Plant fibres and the acids in the tissues slowly erode and corrode the fine knife edge, so the edge should be stropped now and then. If you keep a raw potato handy and run the knife edge through it occasionally the potato will clean the knife and help keep it sharp longer. For a few grafts some people use a single-edged razor blade of the old Gem type, as a single-use disposable cutting device. The knife should be able to slice through the stringy fibres of the scion and the stem of the understock at a small angle without bruising or tearing. That is why the knife and its edge are so important in making smooth cuts that match perfectly in even contact with all surfaces.

It is not necessary to match both sides of the cambium layers, for it is sometimes impossible to find a scion exactlv the same size as the rootstock. But at least one cambium layer of the scion must be in close contact with the corresponding cambium layer of the rootstock. The cambium is the soft green layer of tissue between the white wood and the bark. Do not touch the cuts with the fingers. The cut surfaces should be held together tightly by wrapping with a plastic grafting tape. Sometimes Twistems can be used. Rapid healing of the graft union is necessary so that the buds of the scion may obtain water and nutrients from the rootstock by the time they start to open.

Side Graft. This graft is also known as the side wedge graft and is probably the graft most commonly used on hibiscus. A piece of scion wood containing 3 to 5 eyes is cut and sharpened to a pointed wedge. A slanting downward cut equal in length to the scion cut is made into the rootstock and the scion wedge is inserted, with the buds pointing up (Fig. 1). After matching the cambium layer on at least one side, the graft is tightly bound with grafting tape. Label with the name of the scion and the date. Place in the shade for the first week.

Tip Graft. This graft is well suited to green tip wood. Cut a scion with several eyes below the growing tip and remove the tip to prevent wilting. Sharpen the bottom of the scion to a wedge, as in the side graft. Cut the top of the rootstock straight across, then cut a notch in it to fit the wedge on the scion (Fig. 2). Insert the wedge into the rootstock, matching cambium on both sides if possible, and bind tightly. Label and date the scion. Water well and cover with a plastic bag to keep the greenwood from drying out, using a stick inserted in the pot to hold the bag away from the green scion. Put a rubber band around the pot and the bag will keep the moisture in, and place in the shade for at least a week. It will not need to be watered during this time. Remove the bag when the plant is moved into the sun.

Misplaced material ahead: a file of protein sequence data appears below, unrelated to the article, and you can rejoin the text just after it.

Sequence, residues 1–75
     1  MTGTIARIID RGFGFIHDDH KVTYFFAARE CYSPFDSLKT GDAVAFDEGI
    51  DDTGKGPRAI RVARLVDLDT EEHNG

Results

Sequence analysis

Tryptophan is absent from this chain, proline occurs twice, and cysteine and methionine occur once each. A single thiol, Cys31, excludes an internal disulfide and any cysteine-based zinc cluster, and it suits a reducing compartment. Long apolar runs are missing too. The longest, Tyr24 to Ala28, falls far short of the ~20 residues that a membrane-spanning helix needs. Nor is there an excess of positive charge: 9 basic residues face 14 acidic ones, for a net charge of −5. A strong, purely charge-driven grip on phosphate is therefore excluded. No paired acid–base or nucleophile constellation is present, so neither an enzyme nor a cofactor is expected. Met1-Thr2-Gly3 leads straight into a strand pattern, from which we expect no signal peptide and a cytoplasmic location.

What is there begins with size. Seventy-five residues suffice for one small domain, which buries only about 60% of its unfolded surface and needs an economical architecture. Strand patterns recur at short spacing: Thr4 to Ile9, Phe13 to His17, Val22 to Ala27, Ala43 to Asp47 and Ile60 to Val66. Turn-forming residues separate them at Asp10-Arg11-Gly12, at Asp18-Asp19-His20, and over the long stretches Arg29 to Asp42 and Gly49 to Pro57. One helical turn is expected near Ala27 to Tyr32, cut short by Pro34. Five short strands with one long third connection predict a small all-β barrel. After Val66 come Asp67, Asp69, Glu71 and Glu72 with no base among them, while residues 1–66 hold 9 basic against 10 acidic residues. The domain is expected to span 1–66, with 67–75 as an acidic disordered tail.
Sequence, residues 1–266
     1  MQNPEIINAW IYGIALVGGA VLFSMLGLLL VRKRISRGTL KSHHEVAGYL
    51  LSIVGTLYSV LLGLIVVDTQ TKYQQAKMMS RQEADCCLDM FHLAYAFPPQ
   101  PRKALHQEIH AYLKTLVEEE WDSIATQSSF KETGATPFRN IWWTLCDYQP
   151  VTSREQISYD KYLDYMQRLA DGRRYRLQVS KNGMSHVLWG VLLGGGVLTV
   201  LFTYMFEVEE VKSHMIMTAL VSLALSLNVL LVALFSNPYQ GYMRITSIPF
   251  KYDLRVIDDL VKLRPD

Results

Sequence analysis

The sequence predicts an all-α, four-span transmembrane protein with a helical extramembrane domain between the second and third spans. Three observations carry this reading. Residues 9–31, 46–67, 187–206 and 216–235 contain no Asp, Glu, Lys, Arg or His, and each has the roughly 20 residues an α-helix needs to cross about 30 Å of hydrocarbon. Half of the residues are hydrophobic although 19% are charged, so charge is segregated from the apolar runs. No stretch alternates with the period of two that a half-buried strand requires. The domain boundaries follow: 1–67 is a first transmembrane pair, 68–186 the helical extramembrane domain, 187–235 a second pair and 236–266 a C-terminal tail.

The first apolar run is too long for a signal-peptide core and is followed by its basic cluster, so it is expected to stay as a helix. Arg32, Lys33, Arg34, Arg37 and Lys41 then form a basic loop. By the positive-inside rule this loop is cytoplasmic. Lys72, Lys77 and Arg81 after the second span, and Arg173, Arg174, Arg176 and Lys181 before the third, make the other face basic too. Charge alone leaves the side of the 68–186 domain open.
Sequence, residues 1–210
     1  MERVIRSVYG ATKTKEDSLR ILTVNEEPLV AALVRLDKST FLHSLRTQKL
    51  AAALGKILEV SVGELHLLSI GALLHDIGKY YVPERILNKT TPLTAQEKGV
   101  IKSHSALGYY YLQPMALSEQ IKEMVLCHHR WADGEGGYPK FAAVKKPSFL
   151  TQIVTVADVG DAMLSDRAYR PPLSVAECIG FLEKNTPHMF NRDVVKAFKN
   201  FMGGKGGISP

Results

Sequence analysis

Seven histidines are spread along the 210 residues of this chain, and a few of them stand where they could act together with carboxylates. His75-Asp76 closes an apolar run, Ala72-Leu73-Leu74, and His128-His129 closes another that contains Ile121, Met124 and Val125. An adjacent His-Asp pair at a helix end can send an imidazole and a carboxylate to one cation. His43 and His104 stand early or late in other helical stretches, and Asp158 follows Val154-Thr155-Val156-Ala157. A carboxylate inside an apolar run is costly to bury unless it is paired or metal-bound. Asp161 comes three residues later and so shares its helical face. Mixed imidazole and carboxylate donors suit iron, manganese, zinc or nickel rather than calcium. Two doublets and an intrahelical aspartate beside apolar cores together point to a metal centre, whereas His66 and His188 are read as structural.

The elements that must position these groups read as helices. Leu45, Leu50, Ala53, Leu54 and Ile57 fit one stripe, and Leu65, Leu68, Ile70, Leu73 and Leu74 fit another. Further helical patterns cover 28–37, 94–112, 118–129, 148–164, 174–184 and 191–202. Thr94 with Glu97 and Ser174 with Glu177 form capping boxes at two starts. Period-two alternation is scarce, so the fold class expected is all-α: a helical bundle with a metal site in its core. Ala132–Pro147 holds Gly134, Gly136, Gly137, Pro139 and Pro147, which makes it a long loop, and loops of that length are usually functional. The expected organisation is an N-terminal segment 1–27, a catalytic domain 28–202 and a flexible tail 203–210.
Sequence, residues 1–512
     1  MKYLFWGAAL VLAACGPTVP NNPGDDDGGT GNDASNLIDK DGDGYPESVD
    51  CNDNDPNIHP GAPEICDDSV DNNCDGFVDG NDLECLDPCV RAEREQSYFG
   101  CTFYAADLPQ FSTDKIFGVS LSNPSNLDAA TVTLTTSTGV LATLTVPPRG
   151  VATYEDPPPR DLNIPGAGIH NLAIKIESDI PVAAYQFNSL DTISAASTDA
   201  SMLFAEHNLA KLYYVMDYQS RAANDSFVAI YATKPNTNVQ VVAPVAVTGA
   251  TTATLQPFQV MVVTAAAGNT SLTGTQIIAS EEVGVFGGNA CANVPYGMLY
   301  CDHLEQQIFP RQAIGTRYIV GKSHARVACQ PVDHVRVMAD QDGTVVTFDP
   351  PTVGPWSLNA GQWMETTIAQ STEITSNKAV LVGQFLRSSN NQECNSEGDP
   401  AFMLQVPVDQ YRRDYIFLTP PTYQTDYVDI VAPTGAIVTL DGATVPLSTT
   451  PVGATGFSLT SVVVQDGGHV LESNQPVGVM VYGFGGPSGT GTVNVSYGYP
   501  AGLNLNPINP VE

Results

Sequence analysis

This graft can also be reversed. The rootstock can be sharpened to a wedge and inserted into a corresponding notch cut in the scion. The advantage of this method is that moisture is kept out better and the downward flowing sap in the cambium helps the scion to callus faster.

Veneer Graft. A smooth, shallow cut about one inch long is made diagonally into the rootstock. At the base of this cut, a second short inward and downward cut is made, intersecting the first cut, so as to remove the piece of wood and bark and leave a small notch in the rootstock.

On the scion wood, make a long matching cut on one side and a very short one at the base on the opposite side. Fit the scion into the notch on the rootstock (Fig. 3), matching the cambium layer on at least one side, with the notch at the bottom of the rootstock forming a cap to cover the end of the scion wood. Bind tightly with grafting tape. This is also known as a chip graft and seems to provide the greatest number of "takes".

While it is possible to place many grafts on a single large bush, this is not advised unless the grafts are later removed. Owing to the various growth habits of the scions, the stronger main plant will prevail. The grafts can be removed by air-layering, or they can be cut off after they are healthy growing plants and treated as cuttings in the mist box or in a pot.

A grafted plant must be examined from time to time to detect shoots from the rootstock emerging from below the graft. These must be removed, as they may dominate or take over the entire plant and will often choke out the desired growth of the scion. In some cases, shoots from the scion will grow so vigorously that they will break off unless they are staked and tied or cut back.

Hibiscus Cuttings

Tip Cuttings. Proper handling of hibiscus cuttings is of prime importance in successfully developing new plants. Do not take a quantity of hibiscus cuttings and place them in a bucket of water. Submerge them in a solution of water and Formula 20 for a minute or so, then place them under a moist cloth or in a plastic bag with some water sprinkled inside the bag. Keep them out of the sun to prevent wilting.